Health savings accounts (HSAs) are a growing trend in health care. An HSA is a tax-exempt savings account established for the purpose of paying for the qualified medical expenses of an individual and/or his or her spouse and tax dependents. HSAs are designed to provide eligible individuals with the following federal tax benefits:
In addition to tax benefits, individuals covered under an HSA are more likely to seek preventive care, choose generic drugs, not misuse the emergency room, and use online tools to research health care providers.
HSAs are offered in combination with high deductible health plans (HDHPs). To be HSA-eligible, an individual must be covered under a qualified HDHP and not also covered by another health plan that is not an HDHP (with a few exceptions, including disability, dental care, vision care, and long-term care insurance).
HSAs can cover medical expenses until the HDHP deductible is reached. The idea of this design is that the HSA pays for routine, smaller health expenses, while the HDHP offers protection in the event of a catastrophic medical expense, such as an unexpected illness, injury, or hospitalization.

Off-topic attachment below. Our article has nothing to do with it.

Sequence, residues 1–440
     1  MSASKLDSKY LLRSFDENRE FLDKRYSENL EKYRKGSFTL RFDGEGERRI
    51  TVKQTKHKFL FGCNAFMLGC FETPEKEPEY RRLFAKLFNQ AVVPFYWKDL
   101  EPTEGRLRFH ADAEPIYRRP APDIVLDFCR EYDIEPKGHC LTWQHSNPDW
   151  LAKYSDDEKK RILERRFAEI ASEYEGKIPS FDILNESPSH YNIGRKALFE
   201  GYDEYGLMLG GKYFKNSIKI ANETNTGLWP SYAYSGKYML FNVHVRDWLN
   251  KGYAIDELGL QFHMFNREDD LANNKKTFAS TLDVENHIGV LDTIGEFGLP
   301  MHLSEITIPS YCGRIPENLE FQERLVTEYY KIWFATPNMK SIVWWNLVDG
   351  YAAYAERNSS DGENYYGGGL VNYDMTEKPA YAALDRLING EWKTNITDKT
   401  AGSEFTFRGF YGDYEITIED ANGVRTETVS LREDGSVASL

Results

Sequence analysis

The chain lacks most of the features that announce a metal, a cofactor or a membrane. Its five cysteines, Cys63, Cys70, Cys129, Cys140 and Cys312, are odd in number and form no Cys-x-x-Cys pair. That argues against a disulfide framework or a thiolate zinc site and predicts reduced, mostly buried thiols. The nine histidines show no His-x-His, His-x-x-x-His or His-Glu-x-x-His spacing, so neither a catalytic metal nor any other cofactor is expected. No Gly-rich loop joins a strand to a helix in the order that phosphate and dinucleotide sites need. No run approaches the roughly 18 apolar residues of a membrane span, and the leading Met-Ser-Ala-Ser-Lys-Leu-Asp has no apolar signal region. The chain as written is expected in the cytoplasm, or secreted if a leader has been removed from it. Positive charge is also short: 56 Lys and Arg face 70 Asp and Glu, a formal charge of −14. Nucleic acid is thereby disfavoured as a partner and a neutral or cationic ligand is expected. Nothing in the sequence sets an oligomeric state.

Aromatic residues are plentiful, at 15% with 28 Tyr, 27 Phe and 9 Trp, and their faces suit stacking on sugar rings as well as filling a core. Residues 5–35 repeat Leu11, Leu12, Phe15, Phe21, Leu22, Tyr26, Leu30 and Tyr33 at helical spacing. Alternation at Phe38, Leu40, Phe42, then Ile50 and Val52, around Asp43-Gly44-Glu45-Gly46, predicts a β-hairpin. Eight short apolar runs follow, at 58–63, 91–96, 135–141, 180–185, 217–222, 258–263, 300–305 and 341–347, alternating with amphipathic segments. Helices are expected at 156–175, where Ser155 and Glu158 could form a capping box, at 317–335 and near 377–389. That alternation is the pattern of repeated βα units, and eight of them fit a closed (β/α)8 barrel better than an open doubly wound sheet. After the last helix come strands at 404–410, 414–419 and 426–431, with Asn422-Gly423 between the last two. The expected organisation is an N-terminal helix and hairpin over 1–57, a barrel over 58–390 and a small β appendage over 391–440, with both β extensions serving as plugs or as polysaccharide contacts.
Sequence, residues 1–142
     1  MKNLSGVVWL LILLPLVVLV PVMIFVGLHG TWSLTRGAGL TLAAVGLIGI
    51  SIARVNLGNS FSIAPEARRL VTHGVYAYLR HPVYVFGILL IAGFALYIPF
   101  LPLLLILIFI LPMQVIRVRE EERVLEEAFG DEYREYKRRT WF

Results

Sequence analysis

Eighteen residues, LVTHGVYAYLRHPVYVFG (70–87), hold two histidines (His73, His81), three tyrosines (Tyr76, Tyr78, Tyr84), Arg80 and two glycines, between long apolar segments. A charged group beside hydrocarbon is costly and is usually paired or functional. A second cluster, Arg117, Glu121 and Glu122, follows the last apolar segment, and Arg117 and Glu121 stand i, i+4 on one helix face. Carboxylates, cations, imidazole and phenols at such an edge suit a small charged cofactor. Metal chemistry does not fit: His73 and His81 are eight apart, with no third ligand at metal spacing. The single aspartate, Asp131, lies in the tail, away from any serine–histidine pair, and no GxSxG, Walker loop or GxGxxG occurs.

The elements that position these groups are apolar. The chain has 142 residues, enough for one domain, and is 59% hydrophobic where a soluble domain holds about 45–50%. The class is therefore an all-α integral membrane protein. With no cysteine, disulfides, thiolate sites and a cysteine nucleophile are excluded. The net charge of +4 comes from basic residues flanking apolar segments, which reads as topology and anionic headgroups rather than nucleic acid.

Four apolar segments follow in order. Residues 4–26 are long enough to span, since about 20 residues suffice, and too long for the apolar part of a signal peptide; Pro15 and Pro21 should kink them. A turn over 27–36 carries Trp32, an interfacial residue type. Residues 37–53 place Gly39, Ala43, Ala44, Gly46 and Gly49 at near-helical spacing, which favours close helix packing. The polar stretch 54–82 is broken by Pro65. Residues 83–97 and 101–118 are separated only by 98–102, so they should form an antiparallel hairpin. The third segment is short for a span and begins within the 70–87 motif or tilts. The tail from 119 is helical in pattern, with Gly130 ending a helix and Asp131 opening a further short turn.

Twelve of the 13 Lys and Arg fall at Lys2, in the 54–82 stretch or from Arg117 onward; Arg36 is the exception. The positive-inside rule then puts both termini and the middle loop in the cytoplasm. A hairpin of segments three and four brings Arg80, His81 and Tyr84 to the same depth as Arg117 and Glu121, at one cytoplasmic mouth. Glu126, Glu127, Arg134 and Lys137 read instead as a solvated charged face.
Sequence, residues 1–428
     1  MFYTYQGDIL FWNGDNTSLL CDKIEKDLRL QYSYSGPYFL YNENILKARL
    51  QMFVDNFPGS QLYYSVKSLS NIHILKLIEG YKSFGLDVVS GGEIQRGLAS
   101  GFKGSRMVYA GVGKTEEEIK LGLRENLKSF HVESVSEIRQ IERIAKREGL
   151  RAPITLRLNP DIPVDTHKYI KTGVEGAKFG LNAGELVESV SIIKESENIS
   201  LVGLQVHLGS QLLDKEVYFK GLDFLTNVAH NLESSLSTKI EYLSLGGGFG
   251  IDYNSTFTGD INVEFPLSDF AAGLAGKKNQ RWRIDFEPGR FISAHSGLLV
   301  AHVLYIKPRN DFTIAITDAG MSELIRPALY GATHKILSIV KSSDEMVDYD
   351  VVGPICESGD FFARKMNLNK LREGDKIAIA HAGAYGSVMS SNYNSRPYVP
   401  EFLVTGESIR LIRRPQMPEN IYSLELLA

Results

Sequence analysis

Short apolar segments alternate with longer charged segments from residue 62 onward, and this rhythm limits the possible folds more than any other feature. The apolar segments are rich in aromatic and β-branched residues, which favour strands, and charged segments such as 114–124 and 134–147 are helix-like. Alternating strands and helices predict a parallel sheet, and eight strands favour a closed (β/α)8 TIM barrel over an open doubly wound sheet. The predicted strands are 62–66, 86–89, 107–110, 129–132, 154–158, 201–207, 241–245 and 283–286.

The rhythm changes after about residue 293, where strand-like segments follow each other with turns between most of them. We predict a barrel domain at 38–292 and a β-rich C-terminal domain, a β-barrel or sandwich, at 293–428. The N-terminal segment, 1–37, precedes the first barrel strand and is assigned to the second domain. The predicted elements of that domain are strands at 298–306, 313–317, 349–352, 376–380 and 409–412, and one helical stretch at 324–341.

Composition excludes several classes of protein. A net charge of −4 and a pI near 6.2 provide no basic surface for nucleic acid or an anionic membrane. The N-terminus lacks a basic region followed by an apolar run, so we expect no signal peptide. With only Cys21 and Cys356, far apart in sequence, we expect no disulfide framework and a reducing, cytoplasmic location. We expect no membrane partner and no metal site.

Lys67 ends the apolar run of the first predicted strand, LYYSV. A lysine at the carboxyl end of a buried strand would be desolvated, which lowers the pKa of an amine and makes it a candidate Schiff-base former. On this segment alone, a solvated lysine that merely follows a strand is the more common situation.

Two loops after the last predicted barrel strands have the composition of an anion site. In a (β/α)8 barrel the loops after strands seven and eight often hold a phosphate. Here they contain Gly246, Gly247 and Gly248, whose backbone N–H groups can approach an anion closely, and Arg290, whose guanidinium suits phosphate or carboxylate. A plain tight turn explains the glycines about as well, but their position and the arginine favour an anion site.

Because HSA amounts are non-forfeitable, amounts contributed to an HSA can increase savings for future health care needs, even into retirement.
In general, money placed into an HSA can be withdrawn at any time. Any HSA withdrawal used for a purpose other than to pay for qualified medical expenses is taxable as income and subject to an additional 20 percent penalty. After an individual reaches age 65, the additional penalty tax does not apply to HSA withdrawals.